McLean’s grandmother – the woman who raised him after his parents were killed when he was a young boy – dies after months in a coma following a stroke. On top of this he has to investigate a series of unusual, violent suicides and a cat-burglar who targets the homes of the recently dead. But as another prominent Edinburgh businessman is killed, he begins to suspect that there may be a connection between the murders, the suicides and the ritual killing of the girl found in the basement. The same names keep cropping up. He just can’t find a rational explanation as to how that connection works.

As he digs deeper, and as the coincidences stack up, McLean is forced to consider an irrational explanation. Could there really be something evil stalking the city he has sworn to protect? And if so, how on earth can he hope to stop it?


// What I Liked//

McLean doesn’t have only one case to solve > It seems to be becoming more prevalent in crime and mystery novels for detectives to have several investigations on the go at once, but it’s still uncommon enough for me to mention it as something I enjoyed about Natural Causes.

And though there were a fair number of crime scenes and dead bodies by the halfway point, it wasn’t all confused together and difficult to keep up with what was happening.

His tragic backstory isn’t the main focus of the book > Orphaned as a kid when his parents died, raised by his grandmother who is now in a coma, and having his girlfriend taken by a serial killer a decade prior to the book’s opening, it would have been easy for Oswald to have McLean go down the path of alcoholism and insomnia which is standard in the crime genre, but he chose instead to have Tony McLean actually be trying to move on, and not spending every waking moment in the pub or drinking in his office.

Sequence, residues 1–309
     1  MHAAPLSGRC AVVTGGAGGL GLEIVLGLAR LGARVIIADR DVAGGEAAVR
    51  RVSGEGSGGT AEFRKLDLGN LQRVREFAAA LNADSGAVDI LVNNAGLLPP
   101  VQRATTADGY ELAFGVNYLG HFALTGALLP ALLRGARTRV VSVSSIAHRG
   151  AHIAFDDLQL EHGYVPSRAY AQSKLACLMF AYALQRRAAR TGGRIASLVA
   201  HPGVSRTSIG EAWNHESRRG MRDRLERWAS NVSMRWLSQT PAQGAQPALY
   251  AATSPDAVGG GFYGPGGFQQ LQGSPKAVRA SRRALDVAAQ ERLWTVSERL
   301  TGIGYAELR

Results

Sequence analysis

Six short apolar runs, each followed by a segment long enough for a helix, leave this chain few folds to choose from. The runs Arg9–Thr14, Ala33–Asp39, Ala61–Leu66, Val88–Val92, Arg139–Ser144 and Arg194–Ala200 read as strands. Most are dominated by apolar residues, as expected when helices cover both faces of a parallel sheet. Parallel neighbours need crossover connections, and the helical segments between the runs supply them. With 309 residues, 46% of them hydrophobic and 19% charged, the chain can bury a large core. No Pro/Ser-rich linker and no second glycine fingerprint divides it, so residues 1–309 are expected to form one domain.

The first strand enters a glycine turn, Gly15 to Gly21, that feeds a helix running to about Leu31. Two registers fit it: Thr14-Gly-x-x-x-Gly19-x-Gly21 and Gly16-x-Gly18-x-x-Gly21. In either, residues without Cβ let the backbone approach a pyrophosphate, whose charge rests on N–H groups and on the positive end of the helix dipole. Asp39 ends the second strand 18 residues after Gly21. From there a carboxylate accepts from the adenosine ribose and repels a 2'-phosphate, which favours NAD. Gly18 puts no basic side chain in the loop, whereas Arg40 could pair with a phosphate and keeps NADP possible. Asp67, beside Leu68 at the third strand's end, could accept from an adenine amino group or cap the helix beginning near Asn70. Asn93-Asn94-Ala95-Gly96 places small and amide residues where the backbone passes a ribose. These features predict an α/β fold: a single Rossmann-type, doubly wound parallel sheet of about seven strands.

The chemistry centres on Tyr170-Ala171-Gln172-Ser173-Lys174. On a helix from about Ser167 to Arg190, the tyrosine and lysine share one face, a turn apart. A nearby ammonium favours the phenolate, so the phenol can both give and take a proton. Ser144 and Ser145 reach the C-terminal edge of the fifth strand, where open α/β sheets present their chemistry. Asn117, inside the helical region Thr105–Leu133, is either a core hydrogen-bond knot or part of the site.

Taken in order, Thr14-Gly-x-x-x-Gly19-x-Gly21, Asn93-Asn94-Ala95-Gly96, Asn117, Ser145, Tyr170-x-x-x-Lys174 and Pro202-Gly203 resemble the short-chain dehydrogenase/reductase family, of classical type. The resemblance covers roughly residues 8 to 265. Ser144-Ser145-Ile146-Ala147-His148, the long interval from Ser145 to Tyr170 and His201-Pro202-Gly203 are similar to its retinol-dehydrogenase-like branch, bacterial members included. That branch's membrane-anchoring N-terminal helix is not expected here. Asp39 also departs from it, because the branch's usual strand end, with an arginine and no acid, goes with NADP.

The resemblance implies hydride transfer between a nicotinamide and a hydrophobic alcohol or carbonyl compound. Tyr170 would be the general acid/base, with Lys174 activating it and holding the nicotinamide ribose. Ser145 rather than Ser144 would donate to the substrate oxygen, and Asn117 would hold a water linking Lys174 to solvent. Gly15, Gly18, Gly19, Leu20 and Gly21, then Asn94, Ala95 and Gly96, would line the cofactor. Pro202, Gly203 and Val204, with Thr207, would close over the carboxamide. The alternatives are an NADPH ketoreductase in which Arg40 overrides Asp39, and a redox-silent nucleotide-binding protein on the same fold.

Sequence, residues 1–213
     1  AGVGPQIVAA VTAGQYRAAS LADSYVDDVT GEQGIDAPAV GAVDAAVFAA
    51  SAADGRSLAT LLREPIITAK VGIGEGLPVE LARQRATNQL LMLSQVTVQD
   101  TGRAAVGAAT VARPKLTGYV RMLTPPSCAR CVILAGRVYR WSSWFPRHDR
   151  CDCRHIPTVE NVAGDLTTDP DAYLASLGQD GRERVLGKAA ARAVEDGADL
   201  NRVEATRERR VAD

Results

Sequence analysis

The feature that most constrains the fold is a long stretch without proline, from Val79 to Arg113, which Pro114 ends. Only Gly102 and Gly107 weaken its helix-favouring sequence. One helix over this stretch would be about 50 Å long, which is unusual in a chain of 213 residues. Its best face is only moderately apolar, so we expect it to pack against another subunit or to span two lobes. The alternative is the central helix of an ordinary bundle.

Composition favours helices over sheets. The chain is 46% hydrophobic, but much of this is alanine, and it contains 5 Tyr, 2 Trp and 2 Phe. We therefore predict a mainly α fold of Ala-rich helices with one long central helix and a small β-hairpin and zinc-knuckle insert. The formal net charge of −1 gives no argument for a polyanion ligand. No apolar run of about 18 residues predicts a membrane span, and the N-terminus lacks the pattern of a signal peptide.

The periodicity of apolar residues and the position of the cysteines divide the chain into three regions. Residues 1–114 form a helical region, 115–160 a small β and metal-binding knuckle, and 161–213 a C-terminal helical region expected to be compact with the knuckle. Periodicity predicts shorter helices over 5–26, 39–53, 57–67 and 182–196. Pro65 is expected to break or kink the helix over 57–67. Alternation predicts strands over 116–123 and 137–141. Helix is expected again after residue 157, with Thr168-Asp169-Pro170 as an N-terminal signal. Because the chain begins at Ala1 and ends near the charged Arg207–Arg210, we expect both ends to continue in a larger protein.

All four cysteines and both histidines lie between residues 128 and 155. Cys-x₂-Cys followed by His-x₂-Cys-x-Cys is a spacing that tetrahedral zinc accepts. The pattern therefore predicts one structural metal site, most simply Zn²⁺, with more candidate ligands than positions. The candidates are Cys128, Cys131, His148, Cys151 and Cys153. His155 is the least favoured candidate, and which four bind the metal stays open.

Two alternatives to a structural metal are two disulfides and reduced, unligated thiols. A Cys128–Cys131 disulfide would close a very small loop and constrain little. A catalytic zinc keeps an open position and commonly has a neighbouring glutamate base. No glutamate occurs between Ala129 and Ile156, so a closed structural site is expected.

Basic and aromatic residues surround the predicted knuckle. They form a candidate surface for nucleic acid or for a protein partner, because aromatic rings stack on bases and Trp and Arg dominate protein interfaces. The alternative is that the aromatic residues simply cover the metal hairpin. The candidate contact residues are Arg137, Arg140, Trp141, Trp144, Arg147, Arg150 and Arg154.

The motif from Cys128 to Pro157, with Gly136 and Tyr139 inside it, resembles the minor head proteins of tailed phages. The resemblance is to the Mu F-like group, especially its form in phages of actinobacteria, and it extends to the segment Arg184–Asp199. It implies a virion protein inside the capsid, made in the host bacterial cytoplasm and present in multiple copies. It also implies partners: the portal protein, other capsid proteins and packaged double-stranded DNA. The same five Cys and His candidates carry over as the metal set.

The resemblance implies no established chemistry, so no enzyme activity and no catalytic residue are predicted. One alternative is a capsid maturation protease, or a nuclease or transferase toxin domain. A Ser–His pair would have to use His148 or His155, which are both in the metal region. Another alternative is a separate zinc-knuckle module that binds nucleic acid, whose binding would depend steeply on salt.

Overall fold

The supporting cast > While McLean was the main character, he had plenty of colleagues and friends making an appearance, however brief, but they were all well-developed and had their own lives and interests and personalities.

My favourite interactions were those between McLean and his superior office DCI Duigid, and I’d love it if we got to find out in a later book why they hate each other so much that the superintendent of their station frequently has to keep them from tearing lumps out each other.

// I Could Have Done Without…///

The abandoned hints > There weren’t any in relation to the cases McLean was investigating, but pretty soon after his grandmother died, the lawyer who is executing her estate tells him that she had something that she wanted him to know.

Except we never find out what that secret is, and save from a teeny mention near the end of the book, McLean doesn’t seem all too bothered by not getting to hear it.

Coffee and bacon butties > It’s a small niggle in a book I really enjoyed, but McLean and his team seemed to live on poor coffee and bacon rolls.

I get they worked odd hours and probably didn’t have a lot of alternative choices, but couldn’t someone have made a sandwich or found a bottle of water somewhere?

Rating

4/5

I mentioned at the start of this post that McLean has to contend with the supernatural world while carrying out his investigations, and while I initially didn’t think it would work, I found myself enjoying that addition and I don’t think the story would have been the same without it.


Goodreads

Amazon / Book Depository/ Waterstones

Posted in Reads Rated

Reads Rated: Silent Scream by Angela Marsons (D.I. Kim Stone Series)

I can count on one hand the number of mystery novels I’ve read that featured a female detective as the lead character, and while I could very easily go on a rant about why I’m not a fan, I’ll leave it at not understanding why they think emotions are weak, and subsequently consider anything remotely feminine ‘girly’ or nauseating.